Posted by Charlie Dai on March 26, 2014
Microsoft is officially launching the commercial operations of its cloud offerings in China today. It’s been only nine months since Steve Ballmer, the former CEO of Microsoft, made the announcement in Shanghai that Windows Azure — now renamed Microsoft Azure — would be available for preview in the Chinese market.
I call that Episode I of the China Cloud War. In the report that I published at the time, “PaaS Market Dynamics in China, 2012 To 2017”, I made three predictions — predictions that are now being fulfilled. More global players are joining the war; customers have gotten familiar with cloud concepts and are planning hybrid cloud implementations for their businesses; and traditional IT service providers have started to transform themselves into cloud service providers.
I talked with Microsoft and Citrix last week, and I strongly believe that Episode I has ended and Episode II has just begun. In the battle for partner ecosystems and real customer business, here are the three major plots that enterprise architects and CIOs in China should watch unfold:
- The thrree kingdoms will fight with the gloves off. In my blog post last year, I described three kingdoms of global vendors in Chinese cloud market: Microsoft, Amazon, and vendors behind open source technology like OpenStack and CloudStack.
- Microsoft is leading the market as the first company in China to provide unified solutions for public cloud, private cloud, and hybrid cloud across infrastructure (IaaS) and middleware (PaaS). This builds on its deep understanding of enterprise requirements, its massive developer base, and the ease of use on the Windows platform.
- OpenStack has been doing very well in building an ecosystem via user group activities. It’s gaining momentum, with large vendors like IBM and Oracle joining the game in late 2013, and is much welcomed by companies that have a sufficient number of technical professionals with the required expertise.
- CloudStack, driven by Citrix, has been gaining customers for private cloud in the banking and financial services industries in China. It’s easier to use than OpenStack, but its marketing needs to be improved and its ecosystem needs to be further extended.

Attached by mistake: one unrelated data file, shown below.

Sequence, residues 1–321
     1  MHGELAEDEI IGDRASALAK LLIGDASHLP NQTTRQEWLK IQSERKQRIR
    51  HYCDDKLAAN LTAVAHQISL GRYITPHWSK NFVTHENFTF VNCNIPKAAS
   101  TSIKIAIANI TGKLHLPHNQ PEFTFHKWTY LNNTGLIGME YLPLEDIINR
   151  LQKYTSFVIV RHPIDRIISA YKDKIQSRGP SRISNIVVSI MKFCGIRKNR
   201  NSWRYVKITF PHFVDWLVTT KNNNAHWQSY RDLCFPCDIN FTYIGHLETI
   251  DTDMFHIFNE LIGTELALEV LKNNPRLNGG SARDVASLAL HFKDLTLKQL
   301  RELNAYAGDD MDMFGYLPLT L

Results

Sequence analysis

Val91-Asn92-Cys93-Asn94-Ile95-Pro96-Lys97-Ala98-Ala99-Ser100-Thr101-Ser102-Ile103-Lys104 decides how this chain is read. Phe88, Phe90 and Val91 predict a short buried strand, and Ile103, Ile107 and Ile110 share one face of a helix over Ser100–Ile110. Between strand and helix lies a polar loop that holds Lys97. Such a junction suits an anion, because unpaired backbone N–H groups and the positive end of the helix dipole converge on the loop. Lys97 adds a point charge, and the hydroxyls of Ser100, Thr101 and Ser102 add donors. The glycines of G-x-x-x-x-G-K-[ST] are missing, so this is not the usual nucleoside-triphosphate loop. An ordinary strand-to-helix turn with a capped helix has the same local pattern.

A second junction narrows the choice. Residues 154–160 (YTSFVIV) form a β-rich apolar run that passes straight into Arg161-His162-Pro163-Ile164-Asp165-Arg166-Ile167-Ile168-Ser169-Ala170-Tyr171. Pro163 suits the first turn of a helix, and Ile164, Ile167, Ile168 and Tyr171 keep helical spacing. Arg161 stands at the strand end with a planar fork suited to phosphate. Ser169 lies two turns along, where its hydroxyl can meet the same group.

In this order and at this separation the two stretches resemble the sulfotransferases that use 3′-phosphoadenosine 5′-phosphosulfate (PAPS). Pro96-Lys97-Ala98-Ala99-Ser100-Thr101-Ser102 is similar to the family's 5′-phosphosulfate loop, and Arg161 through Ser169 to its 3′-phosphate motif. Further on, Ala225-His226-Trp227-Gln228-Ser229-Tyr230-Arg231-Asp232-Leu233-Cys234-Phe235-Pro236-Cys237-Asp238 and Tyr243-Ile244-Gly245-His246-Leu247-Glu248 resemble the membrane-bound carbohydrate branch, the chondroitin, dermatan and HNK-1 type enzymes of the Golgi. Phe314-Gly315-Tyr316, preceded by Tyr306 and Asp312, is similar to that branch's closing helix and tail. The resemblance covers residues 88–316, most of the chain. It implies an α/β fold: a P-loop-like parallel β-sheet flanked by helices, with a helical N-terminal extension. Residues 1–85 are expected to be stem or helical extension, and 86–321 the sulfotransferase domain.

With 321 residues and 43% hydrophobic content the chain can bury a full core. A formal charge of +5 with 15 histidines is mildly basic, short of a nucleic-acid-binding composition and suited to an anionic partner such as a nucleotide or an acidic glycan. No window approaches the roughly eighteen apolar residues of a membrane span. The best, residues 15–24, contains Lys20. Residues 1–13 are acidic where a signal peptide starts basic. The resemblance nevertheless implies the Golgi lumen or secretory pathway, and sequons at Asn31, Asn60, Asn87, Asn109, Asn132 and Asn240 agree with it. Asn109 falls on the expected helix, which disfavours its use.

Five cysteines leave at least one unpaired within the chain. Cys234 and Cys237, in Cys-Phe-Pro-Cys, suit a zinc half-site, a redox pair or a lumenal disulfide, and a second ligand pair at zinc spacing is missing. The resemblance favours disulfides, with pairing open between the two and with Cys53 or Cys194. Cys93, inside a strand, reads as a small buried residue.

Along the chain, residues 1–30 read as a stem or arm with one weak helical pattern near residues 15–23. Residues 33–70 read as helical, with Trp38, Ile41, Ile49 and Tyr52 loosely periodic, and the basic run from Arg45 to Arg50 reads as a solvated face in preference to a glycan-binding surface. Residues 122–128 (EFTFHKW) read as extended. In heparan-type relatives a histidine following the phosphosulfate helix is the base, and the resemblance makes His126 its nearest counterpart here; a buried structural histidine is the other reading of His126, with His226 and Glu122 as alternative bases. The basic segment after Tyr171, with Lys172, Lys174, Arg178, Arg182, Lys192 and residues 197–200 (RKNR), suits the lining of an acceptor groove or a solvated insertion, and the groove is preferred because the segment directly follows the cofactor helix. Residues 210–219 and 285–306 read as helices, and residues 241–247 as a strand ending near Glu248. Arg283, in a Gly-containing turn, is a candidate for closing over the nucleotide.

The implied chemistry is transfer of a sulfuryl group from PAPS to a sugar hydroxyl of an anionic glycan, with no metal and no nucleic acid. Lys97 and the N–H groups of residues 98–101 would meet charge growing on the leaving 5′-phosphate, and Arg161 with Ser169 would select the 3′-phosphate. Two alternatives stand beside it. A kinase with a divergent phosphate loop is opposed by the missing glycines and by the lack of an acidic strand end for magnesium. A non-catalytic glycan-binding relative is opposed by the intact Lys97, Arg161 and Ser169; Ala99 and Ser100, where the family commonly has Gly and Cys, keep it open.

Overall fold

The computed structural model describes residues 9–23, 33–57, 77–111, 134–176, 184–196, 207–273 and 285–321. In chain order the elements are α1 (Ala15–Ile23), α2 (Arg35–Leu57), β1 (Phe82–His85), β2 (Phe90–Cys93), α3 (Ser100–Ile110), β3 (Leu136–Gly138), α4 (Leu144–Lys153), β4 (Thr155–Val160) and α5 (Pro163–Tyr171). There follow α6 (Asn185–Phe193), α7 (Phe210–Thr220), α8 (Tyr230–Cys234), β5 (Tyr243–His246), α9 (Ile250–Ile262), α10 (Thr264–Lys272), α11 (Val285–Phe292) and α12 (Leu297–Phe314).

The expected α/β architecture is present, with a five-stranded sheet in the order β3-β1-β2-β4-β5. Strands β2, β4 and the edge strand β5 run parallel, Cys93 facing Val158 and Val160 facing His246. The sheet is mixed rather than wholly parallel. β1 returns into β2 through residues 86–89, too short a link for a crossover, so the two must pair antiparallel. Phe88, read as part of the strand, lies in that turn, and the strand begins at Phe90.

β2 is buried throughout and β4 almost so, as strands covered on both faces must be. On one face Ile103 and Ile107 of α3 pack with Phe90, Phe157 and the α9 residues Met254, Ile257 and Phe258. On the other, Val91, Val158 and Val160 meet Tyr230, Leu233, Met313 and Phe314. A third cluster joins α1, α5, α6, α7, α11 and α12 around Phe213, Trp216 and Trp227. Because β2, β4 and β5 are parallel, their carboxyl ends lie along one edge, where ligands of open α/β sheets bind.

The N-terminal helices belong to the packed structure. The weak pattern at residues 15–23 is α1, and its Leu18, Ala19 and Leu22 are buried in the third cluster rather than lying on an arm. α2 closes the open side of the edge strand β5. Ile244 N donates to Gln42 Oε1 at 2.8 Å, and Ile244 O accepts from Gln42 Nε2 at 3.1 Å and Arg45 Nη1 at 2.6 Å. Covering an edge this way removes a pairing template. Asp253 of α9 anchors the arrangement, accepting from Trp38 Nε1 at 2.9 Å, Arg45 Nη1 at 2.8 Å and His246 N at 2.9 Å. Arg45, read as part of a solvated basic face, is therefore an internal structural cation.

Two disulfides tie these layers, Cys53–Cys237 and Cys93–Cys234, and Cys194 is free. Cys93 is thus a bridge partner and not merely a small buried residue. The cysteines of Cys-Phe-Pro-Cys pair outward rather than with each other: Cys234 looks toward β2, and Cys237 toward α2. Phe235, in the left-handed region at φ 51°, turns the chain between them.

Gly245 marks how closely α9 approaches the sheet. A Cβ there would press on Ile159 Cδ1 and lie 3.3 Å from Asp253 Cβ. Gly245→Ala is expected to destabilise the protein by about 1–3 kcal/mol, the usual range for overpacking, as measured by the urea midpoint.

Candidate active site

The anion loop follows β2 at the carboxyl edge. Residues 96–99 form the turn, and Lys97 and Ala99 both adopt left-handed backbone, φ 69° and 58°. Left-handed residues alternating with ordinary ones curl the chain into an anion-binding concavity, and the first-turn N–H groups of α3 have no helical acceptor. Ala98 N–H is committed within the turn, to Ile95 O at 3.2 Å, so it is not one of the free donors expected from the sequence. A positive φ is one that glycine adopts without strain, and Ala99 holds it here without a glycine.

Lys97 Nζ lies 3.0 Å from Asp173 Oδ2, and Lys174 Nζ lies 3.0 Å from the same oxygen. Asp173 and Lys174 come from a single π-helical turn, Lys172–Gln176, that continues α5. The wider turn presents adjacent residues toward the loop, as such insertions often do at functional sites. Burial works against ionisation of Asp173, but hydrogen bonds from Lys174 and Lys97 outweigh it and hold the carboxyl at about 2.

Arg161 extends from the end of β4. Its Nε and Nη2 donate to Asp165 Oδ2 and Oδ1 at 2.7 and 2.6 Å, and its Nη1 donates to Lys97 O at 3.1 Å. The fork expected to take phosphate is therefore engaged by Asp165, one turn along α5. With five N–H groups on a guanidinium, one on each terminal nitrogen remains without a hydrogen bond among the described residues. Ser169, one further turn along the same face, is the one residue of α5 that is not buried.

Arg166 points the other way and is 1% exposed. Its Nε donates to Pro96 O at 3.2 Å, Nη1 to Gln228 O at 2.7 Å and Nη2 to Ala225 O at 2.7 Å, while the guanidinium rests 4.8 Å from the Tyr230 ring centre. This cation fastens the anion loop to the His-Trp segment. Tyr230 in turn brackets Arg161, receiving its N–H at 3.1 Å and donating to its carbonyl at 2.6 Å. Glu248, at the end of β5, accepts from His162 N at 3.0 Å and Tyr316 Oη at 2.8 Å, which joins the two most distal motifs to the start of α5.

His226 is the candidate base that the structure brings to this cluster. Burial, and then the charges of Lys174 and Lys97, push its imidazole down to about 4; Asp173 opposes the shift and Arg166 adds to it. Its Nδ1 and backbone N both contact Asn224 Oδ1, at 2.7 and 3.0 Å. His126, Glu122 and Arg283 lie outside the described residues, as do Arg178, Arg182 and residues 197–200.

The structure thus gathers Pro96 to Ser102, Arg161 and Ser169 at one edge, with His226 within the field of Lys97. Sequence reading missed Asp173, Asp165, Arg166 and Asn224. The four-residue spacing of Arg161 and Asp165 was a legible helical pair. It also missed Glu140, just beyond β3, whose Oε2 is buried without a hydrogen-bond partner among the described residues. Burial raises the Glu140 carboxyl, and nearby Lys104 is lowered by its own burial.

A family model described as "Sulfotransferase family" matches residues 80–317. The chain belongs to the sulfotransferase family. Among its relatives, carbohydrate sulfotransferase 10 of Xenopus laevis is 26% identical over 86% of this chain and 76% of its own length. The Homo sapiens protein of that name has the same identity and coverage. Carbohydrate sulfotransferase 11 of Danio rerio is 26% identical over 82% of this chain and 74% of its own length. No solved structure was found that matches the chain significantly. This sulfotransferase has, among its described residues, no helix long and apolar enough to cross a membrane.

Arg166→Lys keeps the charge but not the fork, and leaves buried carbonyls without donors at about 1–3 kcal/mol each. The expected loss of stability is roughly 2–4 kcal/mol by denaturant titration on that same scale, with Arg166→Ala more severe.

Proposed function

- Amazon Web Services (AWS), with the longest history in cloud and proven product technology and features, will definitely leverage its global customer base and partnership, but still has a way to before it understands local customers and establishes a partner ecosystem.
- Local market leaders will face high pressure. Local market leaders like Aliyun and Sina App Engine will be pressured both on pricing and service quality; the latter is particularly prized by large business customers. Microsoft is the first player to announce an SLA of 99.95% availability in China. In comparison, Aliyun maxes out at 99.5%. Pricing was once a major weapon of local players to attract price-sensitive Chinese customers, but the landscape has completely changed. As shown in Microsoft’s benchmark of a leading company in the soft drinks industry, the TCO of Aliyun is about RMB 500,000 compared with roughly 150,000 using Azure in a similar configuration. There are certainly other factors to consider, but local players should consider performing similar benchmarks and formulating their strategy accordingly.
- New partner ecosystems will form. Microsoft is setting the bar for partner ecosystems with its comprehensive ecosystem pyramid. On the foundation layer, 21ViaNet will continue its Azure operations. In the middle layer, Pactera will provide industrial solutions; Teamsun will more focus on smart city initiatives for government like Wuhan; and YunGoal will focus on movie, gaming and video streaming services. At the top, Yunhe Data will focus on regional cloud services, as in Henan province, while GMW.cn will provide a platform service for media.
It’s still early to say who will win the Chinese Cloud War. As Mencius, one of the most famous Chinese philosophers who lived in around 300 BC, said, “Those who win the hearts of people [i.e., customers and partners] will rule the world.”